A new day, a new dawn and a sigh of relief has washed over the employees at the Chicago Sun-Times as the sale of the paper bypassed media giant Tronc, Inc. The parent company of the Chicago Tribune, Tronc was the first to make a bid for the paper after it posted a full-page ad in May.
The Chicago Sun-Times has been in existence for 177 years and has survived challenging times as the demand for digital access and lay-offs over the years have added pressure to keep up with the demands of market changes in an industry that is led by followers, video blogs and social media impressions.
The daily is one of the last physical newspapers that delivers hard-hitting news to the thousands of loyal subscribers often targeting less conservative and diverse readership. To witness another great institution fold into the growing monopoly of publications whose voices don’t necessarily reflect the city’s cultural make-up was considered tragic.
So, Former 43rd Ward Alderman Edwin Eisendrath and a group of diverse investors formed ST Acquisition Holdings and purchased the second largest paper in the region. The daily was purchased for $1 but required additional funding valued at $11.2 million. The Chicago Reader is also part of the package deal.
“I think it began like so many people. First off, it wasn’t just my idea. When I ran into the leadership of the Chicago Federation of Labor they were also interested in it and we came together on this,” Eisendrath said. “I can tell you how I came to it, but they may have a different answer on how they came to the decision.
“For me, this was about thinking about our country and our democracy and knowing that we had two big presidential elections since Barack Obama was elected and now Trump. Americans were really voting for change.”
The investor group of ST Acquisition Holdings purchase of Wrapports LLC, the Sun-Times parent company, includes several labor unions along with wealthy business people including attorney Len Goodman and real estate mogul Elzie Higginbottom.
Eyebrows were raised by the U.S. Department of Justice Antitrust Division on Tronc’s bid and promptly closed its investigation when the purchase was finalized by the new investors’ purchase on July 12.
Eisendrath says “the group is not like your normal turnaround team.” He feels it reflects a broad scope of Chicago’s economy.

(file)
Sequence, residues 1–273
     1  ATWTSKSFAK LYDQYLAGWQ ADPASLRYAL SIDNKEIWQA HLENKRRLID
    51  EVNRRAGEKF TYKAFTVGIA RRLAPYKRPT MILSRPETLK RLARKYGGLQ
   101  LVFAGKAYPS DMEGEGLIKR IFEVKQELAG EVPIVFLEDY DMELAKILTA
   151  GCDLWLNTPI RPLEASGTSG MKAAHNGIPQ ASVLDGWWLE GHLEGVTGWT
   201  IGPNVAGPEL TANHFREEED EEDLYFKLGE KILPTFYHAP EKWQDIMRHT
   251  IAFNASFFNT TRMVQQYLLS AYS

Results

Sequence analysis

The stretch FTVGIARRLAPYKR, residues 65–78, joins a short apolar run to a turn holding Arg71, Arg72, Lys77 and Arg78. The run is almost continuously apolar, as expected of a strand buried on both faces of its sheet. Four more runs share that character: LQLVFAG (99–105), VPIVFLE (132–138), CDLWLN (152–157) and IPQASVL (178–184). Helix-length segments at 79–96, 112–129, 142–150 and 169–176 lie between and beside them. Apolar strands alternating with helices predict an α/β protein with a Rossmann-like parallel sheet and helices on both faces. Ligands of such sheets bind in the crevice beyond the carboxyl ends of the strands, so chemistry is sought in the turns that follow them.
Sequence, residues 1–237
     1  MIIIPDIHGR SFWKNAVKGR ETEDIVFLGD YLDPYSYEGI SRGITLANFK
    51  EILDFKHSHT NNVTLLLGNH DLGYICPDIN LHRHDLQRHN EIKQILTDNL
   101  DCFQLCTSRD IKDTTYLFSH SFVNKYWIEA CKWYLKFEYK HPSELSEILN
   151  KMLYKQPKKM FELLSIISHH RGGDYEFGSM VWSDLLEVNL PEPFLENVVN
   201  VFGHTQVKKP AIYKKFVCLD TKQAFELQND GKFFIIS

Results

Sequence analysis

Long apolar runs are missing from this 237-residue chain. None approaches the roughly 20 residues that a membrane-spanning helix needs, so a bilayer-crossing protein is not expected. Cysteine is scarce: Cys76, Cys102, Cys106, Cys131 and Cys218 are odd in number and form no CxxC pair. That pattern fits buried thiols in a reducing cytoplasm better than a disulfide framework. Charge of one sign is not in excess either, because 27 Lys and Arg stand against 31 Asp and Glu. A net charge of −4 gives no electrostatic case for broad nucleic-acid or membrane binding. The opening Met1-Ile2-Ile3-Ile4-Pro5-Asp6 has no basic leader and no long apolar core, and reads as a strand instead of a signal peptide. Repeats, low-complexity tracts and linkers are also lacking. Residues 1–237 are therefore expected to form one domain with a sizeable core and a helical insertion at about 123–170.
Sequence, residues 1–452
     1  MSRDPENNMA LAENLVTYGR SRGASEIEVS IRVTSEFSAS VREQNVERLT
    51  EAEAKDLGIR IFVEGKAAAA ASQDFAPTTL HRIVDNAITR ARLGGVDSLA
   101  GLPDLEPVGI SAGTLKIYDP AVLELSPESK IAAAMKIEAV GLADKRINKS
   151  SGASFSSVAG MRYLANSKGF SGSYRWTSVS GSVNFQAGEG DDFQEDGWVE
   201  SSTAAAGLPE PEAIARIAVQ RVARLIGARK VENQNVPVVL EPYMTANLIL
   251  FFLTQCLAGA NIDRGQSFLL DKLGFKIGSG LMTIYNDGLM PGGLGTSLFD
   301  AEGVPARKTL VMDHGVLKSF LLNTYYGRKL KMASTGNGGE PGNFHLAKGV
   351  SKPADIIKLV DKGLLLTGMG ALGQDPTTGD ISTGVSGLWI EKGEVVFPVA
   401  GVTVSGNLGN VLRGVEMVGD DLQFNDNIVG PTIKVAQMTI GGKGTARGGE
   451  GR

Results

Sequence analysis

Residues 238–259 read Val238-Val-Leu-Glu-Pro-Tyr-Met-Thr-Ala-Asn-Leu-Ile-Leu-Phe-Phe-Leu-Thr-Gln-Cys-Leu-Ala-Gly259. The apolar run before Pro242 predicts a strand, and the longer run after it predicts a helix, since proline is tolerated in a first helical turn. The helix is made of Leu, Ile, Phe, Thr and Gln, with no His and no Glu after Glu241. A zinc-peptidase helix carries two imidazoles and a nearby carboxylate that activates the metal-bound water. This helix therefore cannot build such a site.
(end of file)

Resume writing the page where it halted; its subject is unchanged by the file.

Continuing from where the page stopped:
“It’s a real mix. We all came together because we love this city and we understand this city and we’re committed to it.” In the long tradition of Chicago’s news circuits, it is vital to bring more engagement to stimulate their interests. As he moves forward as the new CEO, he says “building a successful news organization for people who read the news” is essential to their survival and developing a new business model.
The former HUD administrator references the Defender’s history as an example.
“In its heyday, the Defender was all over parts of America; people trusted it to tell stories that no one else was going to tell. They would be true and the stories would be genuine and feel right. That was a really important time for the Defender and it meant a lot in the lives of Americans. It played a huge role in the migration patterns—that’s how powerful trust is in a news organization,” Eisendrath explains.
In bringing together a collective group of individuals representing different interests—it can hopefully maintain the common voice of the working class. This presidential election has demonstrated how real news can be compromised—disrupting the trust of readers.
“You’ve seen since then there’s a whole breakdown, we don’t really trust what they’re telling us about the world or about ourselves. I thought very hard about that. [I thought about] the struggles that everybody goes through every day, the hard work people endure in Chicago, what they go through to get to work in the snow, hot summer days and through the storms in order to get the job done,” said Eisendrath. “They see somebody pay for something their doing, taking credit for their work. They seem forgotten. Nobody notices it. These are the lives that most people lead. When they look at the news, it doesn’t feel genuine to them so there’s nothing to trust.”
He admits with new ownership, there will be changes in order to survive and compete in how people receive and interpret news.
“There’s diversity in our investment group. Mr. Higginbottom is one of our investors. It’s really important and it should be important to Chicago. That’s not happened before at a major paper like this. The chairman of my board, Jorge Ramirez, leads the board and he’s Latino. That hasn’t happened before,” he adds. “We know Chicago and I’m not sure that’s true of all of the news organizations in this city in the same way. We’re passionate about this and we’re really determined. This is our ‘north star’ making sure that our stories are genuine for the people of this city.”
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